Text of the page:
There are indications that the World Health Organization is worried about the outbreak of measles in some African countries.
Among the countries that have suffered from the deadly decease outbreak recently were: Democratic Republic of Congo (DRC), Madagascar, Central African Republic (CAR), Georgia, Kazakhstan, North Macedonia, Samoa, Tonga, and Ukraine.
Meanwhile, global measles deaths increased by 50 per cent from 2016 to 2019, claiming over 207,500 lives in 2019, WHO said in a statement issued from its headquarters on Thursday in Geneva citing figures from a joint report it published with the US Centre for Disease Control (CDC).
“Measles killed an estimated 207,500 people in 2019 after a decade-long failure to reach optimal vaccination coverage, resulting in the highest number of cases for 23 years.
“The death toll in 2019 was 50 per cent higher than a historic low reached in 2016, and all WHO regions saw an increase in cases, adding up to a global total of 869,770.
“This year, there have been fewer cases, but the COVID-19 pandemic has further set back vaccination efforts, with more than 94 million people at risk of missing measles vaccines in 26 countries that have paused their vaccination campaigns, including many countries with ongoing outbreak,” WHO said.
The statement quoted Tedros Ghebreyesus, director-general, WHO, as saying “we know how to prevent measles outbreaks and deaths.
“These data sends a clear message that we are failing to protect children from measles in every region of the world.
“We must collectively work to support countries and engage communities to reach everyone, everywhere with measles vaccine and stop this deadly virus.”
Going further, the (UNICEF) Executive Director, also said “before there was a coronavirus crisis, the world was grappling with a measles crisis, and it has not gone away.
“While health systems are strained by the COVID-19 pandemic, we must not allow our fight against one deadly disease to come at the expense of our fight against another.”
Measles is entirely preventable, but success requires 95 per cent of children to be vaccinated on time with two doses of measles-containing vaccines (MCV1 and MCV2).
MCV1 coverage had stagnated globally for more than a decade at between 84 and 85 per cent, while MCV2 coverage has been steadily increasing but is still only at 71 per cent.
Natasha Crowcroft, Senior Technical Advisor on measles and rubella at the WHO, said that the good news was that measles vaccinations had saved more than 25.5 million lives globally since 2000.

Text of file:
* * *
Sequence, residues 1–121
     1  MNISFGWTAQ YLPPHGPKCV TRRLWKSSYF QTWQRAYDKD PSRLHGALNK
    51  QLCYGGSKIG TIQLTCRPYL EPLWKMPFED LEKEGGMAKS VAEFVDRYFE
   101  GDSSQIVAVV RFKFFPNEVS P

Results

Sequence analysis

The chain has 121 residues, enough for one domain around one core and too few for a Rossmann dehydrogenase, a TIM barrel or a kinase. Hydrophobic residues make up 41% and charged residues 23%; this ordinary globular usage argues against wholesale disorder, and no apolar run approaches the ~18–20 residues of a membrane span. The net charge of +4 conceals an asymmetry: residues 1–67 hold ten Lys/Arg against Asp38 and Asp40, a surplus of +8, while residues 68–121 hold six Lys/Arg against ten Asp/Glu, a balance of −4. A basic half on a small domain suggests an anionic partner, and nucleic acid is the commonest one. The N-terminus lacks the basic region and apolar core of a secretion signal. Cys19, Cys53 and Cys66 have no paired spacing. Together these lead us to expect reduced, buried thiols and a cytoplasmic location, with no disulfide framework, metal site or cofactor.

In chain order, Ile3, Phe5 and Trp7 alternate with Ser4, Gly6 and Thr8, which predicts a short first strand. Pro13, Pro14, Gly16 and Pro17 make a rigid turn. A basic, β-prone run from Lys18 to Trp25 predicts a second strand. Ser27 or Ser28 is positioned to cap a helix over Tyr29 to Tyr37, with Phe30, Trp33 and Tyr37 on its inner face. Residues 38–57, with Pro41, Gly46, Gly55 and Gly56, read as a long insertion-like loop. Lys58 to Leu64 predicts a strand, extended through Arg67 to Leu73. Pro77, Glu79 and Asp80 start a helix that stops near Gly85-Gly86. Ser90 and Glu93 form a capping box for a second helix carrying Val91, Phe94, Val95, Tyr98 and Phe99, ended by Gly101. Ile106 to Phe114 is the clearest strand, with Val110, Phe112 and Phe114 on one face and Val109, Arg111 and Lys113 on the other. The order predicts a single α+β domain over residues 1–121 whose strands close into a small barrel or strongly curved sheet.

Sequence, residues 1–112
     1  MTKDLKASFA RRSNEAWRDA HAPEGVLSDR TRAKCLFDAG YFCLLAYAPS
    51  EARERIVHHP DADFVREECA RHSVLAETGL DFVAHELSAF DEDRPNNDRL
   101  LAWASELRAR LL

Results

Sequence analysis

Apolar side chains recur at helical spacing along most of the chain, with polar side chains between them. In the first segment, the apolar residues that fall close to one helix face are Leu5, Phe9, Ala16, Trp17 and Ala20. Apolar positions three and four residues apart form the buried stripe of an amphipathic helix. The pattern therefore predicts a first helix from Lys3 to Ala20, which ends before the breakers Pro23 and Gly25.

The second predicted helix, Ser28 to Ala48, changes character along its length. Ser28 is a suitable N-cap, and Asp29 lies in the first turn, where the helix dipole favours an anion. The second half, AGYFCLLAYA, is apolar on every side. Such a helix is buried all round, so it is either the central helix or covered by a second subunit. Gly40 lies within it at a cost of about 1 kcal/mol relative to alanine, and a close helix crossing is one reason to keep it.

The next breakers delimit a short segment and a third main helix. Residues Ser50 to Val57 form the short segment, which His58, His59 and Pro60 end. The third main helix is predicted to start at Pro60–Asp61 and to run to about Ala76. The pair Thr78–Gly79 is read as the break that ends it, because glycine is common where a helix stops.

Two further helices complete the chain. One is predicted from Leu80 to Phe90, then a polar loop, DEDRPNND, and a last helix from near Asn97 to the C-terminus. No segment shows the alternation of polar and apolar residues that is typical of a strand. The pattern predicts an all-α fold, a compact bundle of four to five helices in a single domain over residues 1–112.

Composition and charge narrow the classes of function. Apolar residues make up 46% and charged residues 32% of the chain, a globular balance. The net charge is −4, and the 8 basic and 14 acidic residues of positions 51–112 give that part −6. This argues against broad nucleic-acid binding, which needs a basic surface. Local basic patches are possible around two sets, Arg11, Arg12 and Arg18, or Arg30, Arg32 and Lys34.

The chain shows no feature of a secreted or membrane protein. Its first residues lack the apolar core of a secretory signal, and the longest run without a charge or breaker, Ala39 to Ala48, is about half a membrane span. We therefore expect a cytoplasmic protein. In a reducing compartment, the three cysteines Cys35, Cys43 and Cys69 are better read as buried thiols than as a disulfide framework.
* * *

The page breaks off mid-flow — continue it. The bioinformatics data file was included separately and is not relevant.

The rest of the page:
“But the low vaccine coverage means the number of unprotected children was growing every year; the big issue is not actually large holes in coverage, it’s the stalling in coverage.
“It’s a bit like, you know, tinder for a forest fire, it reaches a point where an outbreak really takes off. That’s what we saw in 2019, with the almost explosive outbreaks in areas that have had inadequate coverage over many years.
“If you have coverage around about that 80 per cent level, then you get the sense that things are going okay, but they’re not really, and eventually you see these large outbreaks.
“Weak health systems and the inability to reach children were the main problem globally, and vaccine hesitancy was an additional problem in some countries,” Ms Crowcroft said.
On Nov. 6, WHO and UNICEF issued an emergency call to action on measles and polio outbreak prevention and response, calling for an additional $255 million over the next three years.
The UN agencies are calling for the additional funds to address dangerous measles immunity gaps in the 45 countries at the highest risk of an imminent outbreak.
Countries that have recently suffered large measles outbreaks include the Democratic Republic of Congo (DRC), Madagascar, Central African Republic (CAR), Georgia, Kazakhstan, North Macedonia, Samoa, Tonga, and Ukraine.
“Measles virus easily finds unprotected children, adolescents and adults because it is so contagious,” says Robert Linkins, Measles and Rubella Initiative Management Team Chair and Accelerated Disease Control Branch Chief at U.S. CDC.
“Infections are not only a sign of poor measles vaccination coverage, but also a known marker, or ‘tracer,’ that vital health services may not be reaching populations most at-risk.
“Our collective efforts to reach children with vaccines now, ahead of the possible easing of COVID-19 travel restrictions and increased population movement, will save lives.”